Articles about how the Internet works.
Cybergeography - How does the Global Internet Work
learn about the Hubs and Spokes Internet Infrastructure, International bandwidth, international traffic.
STUDY Graph structure in the
Internet Has Created a 'New Reality'
Gullibility Virus Spreading over the Internet!
Services that allow you to surf the web more anonymously.
FCC Releases Study of Internet
Study Concludes that Competitive Internet Backbone Market Should Remain Free of Telecommunications Regulation. The Office of Plans and Policy (OPP) released the 32nd Working Paper entitled "The Digital Handshake: Connecting Internet Backbones." The paper, examines the interconnection arrangements between Internet backbone providers that lead to the universal connectivity that characterizes the Internet. September 26, 2000
Computer Science and Telecommunications Board
A pioneer in framing and analyzing Internet policy issues, CSTB is unique in its scope and effective, interdisciplinary appraisal of technical, economic, social, and policy issues.
School research projects are training grounds for real-life information explorations and the development of these essential competencies. Unfortunately, in many schools information literacy is not approached systematically.
"We are constantly referring to lifelong learning, learning to learn, the problems of transitioning through five careers," says Julie Walker, president of the American Association of School Librarians. "But the skills are scattered through curricular areas. No one has really defined them in concrete terms. . . . That's what the new information literacy standards do." They bring together one model of problem-solving skills through all the content areas, she says.
Title: Who, What, Where: Putting The Internet in Perspective
Source: Wall Street Journal <http://wsj.com/> (B12) 4/16/98
Author: Thomas Weber Issue: Internet
Description: An important question for business: So, how big is the Internet, really? According to IntelliQuest Information Group -- 62 million people in the US use the Net. That's about 30% of residents 16 or older. 25% of the total were new to the Net in 1997. Another research firm, Odyssey, estimates online usage reaches 23% of US homes -- up from 17% from last year. To put that in perspective, TV is in 98% of US homes and cable reaches 67%. America Online brags that its 11 million subscribers are more than the Wall Street Journal, the New York Times, and USA Today combined. But during AOL's peak times, some 675,000 people are online. When the last Seinfeld airs next month 76-79 million people will be tuned in [with Pez in hand]. What's the latest on Web demographics? 58% male, but half of the new users in '97 were female; 43% have a college degree or higher, just 31% of all US adults do; average salary is $55,000, more than twice the US average of $25,000; the average age on the Web is 37, compared to 36.2 for US at large. There are now 320 million WWW pages -- and we have to read 50% of them to bring you Headlines: the Web has about as much info as the New York City Library. Among the Top 25 sites on the Web, 9 are search engines. If the Web was a cable-television network, the top ranked shows would be "guides to finding shows on other channels or obtaining upgrades to your cable box and service."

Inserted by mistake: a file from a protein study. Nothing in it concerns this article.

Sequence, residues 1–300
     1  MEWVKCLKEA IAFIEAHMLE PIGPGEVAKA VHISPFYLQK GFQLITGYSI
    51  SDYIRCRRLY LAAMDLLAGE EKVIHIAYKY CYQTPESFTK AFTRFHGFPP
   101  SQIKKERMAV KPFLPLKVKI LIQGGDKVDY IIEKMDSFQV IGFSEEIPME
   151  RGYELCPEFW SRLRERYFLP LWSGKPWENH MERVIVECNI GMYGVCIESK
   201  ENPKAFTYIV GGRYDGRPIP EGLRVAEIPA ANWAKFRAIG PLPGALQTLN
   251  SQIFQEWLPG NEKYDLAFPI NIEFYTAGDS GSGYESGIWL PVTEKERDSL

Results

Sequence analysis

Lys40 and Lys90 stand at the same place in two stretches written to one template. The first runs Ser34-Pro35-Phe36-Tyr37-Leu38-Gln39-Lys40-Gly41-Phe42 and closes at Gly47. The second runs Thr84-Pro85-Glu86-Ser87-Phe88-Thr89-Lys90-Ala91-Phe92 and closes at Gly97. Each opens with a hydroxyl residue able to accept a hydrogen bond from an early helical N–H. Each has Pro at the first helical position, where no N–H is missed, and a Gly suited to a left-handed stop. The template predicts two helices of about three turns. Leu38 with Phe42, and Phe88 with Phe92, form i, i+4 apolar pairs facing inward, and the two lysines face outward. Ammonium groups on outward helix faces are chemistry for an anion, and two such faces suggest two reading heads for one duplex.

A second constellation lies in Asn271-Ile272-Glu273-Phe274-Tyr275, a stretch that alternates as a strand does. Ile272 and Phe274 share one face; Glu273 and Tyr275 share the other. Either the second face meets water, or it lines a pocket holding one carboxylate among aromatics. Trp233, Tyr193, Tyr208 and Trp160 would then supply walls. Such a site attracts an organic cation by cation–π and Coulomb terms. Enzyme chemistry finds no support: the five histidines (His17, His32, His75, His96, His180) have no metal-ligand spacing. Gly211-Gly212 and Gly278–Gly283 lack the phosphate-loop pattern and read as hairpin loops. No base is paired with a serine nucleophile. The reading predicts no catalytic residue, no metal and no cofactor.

Here are just a few of the fascinating and far-reaching implications of the New Reality when thinking about the Internet:
1. The Internet is beyond control. Unlike print and electronic media, the Internet can't be controlled, although access mechanisms will be used for a small portion of it. In a literal sense, the Internet is out of control in that it's beyond any type of limitation.
As this dawns on more people, look for the concerns to increase. Because we believe that action is the answer, we assume there are solutions for every problem. The frustration comes in realizing that the Internet is fundamentally different. It's not just bigger and more complex. It's closer to the universe than it is to our solar system. It may be that it's more like a "black hole" in space than anything else. The Internet is beyond control.
Its limitlessness may be the Internet's genius. The task is not to spend time trying to dominate it, but to use it effectively.